It enables to: -compare responses. structured (closed questions). They can be used to confirm facts and corroborate data from other sources or explore potential recommendations. interviews to collect data and information. Interviews Face to face method of obtaining information through questions and answers. According to the objectives of each stage of the project. -perform statistical analysis. interviews to identify attitudes and arguments. -generalize the findings. interviews to generate and evaluate ideas and suggestions. May be individual or in group. in case of random samples. APPLICATION IN PERFORMANCE AUDIT The most frequently used methods are mail or Internet questionnaires. -difficult to ensure accuracy of information provided. unstructured (open questions) or semi-structured (two kinds of questions).Table 8 Summary of main data collection techniques TECHNIQUES Questionnaires CHARACTERISTICS Structured data collection method through the use of forms. A large part of performance auditing is based on interviews. -requires knowledge of questionnaire development and sampling design. used to quantify standardized information on a large number of research units. the following are applied: preparatory interviews. 64 . The main disadvantages are: -pre-testing and completion of research take a long time.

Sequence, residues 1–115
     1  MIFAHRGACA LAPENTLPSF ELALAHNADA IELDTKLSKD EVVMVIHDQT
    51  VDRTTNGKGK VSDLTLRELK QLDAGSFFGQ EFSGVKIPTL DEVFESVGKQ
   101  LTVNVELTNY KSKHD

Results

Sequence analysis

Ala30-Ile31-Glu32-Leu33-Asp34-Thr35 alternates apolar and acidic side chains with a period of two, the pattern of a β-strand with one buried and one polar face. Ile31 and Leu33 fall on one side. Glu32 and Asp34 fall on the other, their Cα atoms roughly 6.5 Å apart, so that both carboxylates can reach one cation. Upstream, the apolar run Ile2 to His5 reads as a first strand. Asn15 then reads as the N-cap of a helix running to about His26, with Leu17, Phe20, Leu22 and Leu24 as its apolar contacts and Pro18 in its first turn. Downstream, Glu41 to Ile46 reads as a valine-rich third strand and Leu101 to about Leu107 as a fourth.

The benefits of this method can be summarized (Patton. expert panels. economy and relevance in light of the audit’s objectives. as well as concentration and selective perception ability. even in the most detailed annotation fields. without relying on third party information. Requires specific training and preparation. especially if from public domain. when confronted with the perceptions of the respondents. -allows the viewer to witness facts. 1987): -allows the observer to understand the context in which the activities are developed. Use of Existing Data The use of existing data requires special care by It is possible to aggregate values and extract original the audit team. APPLICATION IN PERFORMANCE AUDIT Mainly used to obtain contextual information on how the object being audited is run. precise. -brings to the analysis the perceptions of the observer him/herself.TECHNIQUES Direct Observation CHARACTERISTICS On site and systematic recording of information. identifying trends and examining them in creative ways. due to sensitive or embarrassing nature. The need to be accurate must be balanced with criteria of fairness. Data collection is a compromise between an ideal solution and a possible solution. valid. for example. pre-defined in a script. The use of specialized software -In what format is the data stored? What are can assist in the task of analyzing and presenting data the limitations concerning the format of the data in different ways.5. and exact form of collection. 2004). in techniques for field annotation.conclusions of the audit report. and seminars. the team should pay to the issue being investigated? special attention to the form in which the data is pre-Is the data complete and is the coverage period sented and to the most effective communication of the sufficient for the analysis? key idea (NAO. Consequently. foreseeing a perfectly complete. The trained observer should be able to collect accurate. gularly? Was data collection performed with specific objectives? -Are there other sources of data relevant to the topic being investigated? Performance audits also use other data collection techniques. which. -allows a trained observer to perceive aspects that go unnoticed by participants routinely involved with the program. 65 . -allows the observer to form impressions that extrapolate what is possible to record. and reliable information. may impair the audit. gives a more complete vision of the program studied. An auditing project that is very ambitious regarding data collection. information from existing data. Besides the reliability of data. It is essential to take into account that any problem concerning the use of existing data and its and what are the difficulties in obtaining it? possible limitations must appear as a caveat to the final -What collection activities are carried out re. the audit report should always provide details on the quality of information and how it was collected (ISSAI 3000/4. other issues must be considered: -What type of data is available? Does it apply If the audit is completely based on existing data. and that may help in understanding the program and its participants. -can capture aspects of the program which participants may not wish to talk about during an interview. 1997). such as focus groups.